Feeding Thousands Of Storm Victims

A warm meal on the table and a safe place to stay, the Salvation Army may be the only certainty for the people forced from their homes by hurricane Rita.

"We could be on the side of the street without some place to go or some place to go with breathing room only," says Dorothy Fuselier, who evacuated from Port Acres.

This shelter truly was a "Salvation" for Dorothy Fuselier and her family who left Port Acres for Zavalla and relocated here when that shelter lost power.

"If you didn't bring enough clothing or whatever, they have a little thrift store and they give you a voucher and you can get enough clothing for five days. Everything we need is here," she says.

Dorothy's grand-daughter, Michelle says they have tears and miss home, but this place is filled with love.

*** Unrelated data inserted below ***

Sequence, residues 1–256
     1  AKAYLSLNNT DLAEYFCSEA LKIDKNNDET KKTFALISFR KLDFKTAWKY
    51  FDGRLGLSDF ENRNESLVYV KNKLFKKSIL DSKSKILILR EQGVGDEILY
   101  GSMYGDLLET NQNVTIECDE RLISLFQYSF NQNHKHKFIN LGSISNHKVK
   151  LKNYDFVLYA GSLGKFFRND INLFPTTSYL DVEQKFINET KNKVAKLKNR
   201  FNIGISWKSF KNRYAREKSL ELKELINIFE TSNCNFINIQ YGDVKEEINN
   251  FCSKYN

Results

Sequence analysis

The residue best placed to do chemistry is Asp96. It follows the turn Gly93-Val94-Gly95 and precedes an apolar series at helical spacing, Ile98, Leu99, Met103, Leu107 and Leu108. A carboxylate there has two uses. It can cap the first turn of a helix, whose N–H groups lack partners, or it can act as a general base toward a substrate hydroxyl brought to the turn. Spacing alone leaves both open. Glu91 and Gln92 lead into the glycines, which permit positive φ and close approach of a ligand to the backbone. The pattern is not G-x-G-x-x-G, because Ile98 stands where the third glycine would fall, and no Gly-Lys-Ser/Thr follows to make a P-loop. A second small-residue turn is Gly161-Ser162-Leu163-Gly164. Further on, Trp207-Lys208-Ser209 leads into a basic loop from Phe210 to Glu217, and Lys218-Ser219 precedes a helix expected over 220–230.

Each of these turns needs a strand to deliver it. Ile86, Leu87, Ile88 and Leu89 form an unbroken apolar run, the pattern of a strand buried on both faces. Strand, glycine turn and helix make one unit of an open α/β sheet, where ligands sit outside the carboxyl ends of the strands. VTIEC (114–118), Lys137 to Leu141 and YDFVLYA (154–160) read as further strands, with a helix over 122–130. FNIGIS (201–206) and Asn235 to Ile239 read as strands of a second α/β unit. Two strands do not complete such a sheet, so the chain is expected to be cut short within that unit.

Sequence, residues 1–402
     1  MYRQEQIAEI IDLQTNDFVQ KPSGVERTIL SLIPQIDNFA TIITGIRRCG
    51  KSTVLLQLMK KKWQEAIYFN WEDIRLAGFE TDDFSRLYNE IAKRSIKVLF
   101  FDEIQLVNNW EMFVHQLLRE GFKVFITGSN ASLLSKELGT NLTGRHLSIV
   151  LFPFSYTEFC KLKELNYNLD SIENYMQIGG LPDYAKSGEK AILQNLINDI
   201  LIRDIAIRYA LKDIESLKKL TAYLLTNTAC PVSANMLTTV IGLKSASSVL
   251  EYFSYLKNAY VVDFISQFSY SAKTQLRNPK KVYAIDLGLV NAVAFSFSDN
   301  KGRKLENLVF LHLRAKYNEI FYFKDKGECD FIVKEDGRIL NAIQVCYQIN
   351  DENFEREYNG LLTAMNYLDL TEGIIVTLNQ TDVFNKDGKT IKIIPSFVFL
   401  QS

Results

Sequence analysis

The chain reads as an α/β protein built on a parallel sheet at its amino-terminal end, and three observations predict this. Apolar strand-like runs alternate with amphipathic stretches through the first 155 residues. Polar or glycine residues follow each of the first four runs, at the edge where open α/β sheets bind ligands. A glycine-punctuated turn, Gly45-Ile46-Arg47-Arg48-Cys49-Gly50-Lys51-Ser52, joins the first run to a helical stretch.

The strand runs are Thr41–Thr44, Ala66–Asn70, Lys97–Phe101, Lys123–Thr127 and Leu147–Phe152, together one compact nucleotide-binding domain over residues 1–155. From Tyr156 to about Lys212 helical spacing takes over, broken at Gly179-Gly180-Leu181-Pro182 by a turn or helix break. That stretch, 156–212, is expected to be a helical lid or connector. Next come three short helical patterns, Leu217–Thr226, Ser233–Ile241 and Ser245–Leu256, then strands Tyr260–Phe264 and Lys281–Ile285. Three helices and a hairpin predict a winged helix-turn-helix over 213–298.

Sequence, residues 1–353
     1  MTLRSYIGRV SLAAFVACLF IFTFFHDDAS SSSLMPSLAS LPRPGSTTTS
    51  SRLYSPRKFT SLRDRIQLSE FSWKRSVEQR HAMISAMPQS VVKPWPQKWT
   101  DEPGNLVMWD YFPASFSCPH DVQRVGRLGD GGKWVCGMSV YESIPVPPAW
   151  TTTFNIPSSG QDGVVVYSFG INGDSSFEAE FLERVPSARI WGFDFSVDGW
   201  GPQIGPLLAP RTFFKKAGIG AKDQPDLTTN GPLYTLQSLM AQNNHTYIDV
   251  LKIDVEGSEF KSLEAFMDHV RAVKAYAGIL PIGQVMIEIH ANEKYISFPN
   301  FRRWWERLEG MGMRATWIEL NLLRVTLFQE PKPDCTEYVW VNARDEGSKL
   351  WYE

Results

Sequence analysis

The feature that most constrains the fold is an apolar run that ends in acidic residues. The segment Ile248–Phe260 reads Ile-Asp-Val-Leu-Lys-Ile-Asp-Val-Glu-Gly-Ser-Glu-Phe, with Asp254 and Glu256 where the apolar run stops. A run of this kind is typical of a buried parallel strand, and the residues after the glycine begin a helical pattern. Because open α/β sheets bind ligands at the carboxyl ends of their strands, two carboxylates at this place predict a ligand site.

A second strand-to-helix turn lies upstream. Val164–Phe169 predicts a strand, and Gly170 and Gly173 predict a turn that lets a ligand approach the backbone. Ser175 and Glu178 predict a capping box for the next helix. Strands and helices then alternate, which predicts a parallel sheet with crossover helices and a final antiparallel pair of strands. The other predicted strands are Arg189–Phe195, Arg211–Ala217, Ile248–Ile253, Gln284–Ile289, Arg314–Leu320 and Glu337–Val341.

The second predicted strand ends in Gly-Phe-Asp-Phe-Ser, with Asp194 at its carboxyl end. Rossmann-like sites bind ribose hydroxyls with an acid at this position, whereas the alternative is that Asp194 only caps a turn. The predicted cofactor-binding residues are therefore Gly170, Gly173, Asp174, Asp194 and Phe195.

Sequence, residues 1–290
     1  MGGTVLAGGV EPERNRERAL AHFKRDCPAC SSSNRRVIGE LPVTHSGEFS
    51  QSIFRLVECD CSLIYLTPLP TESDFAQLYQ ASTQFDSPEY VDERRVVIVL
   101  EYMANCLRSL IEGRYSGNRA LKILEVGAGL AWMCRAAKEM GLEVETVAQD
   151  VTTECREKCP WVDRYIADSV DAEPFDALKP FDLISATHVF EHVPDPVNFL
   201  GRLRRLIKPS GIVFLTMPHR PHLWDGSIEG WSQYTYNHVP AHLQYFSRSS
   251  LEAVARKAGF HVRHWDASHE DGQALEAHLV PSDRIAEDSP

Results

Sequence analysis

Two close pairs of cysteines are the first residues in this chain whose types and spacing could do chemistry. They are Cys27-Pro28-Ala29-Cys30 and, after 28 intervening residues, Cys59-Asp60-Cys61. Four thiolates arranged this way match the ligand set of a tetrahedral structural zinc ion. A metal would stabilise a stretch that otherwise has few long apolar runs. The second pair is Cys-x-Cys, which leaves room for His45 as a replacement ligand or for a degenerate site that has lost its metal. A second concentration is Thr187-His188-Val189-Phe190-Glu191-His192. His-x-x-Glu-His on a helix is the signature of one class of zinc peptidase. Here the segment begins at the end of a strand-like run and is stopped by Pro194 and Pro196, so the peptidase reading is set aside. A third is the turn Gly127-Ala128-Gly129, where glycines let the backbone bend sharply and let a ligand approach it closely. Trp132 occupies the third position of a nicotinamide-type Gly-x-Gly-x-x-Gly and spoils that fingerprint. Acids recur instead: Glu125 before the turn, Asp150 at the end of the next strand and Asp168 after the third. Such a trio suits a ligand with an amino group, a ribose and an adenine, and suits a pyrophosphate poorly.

"It was a God-given thing that we found this place," says Michelle Fuller of Port Acres, age 15.

And (also God-given) that Maria Graffaglino came into their lives. Michelle even calls her Lola that's Phillippino for grandmother.

"There's my friend, everybody has been very supportive, we try to laugh and we pray together," says Maria who is from Port Arthur.

Maria needed comfort after being separated from her daughter and grandchildren because of the storm.

"Now I am trying to forget things and find something to do for other people," she says.

That's because the Salvation Army has given Maria and many others so much.

"We are feeding as of today over 1100 meals a day for evacuees plus our normal 500 and as we speak we're gearing up to feed another 1500," says Linda Edwards with the Tyler Salvation Army.

And it's the grace of God, Linda says, that the Salvation Army can help those at home and so many left homeless by hurricanes.

Dana Dixon, Reporting. ddixon@kltv.com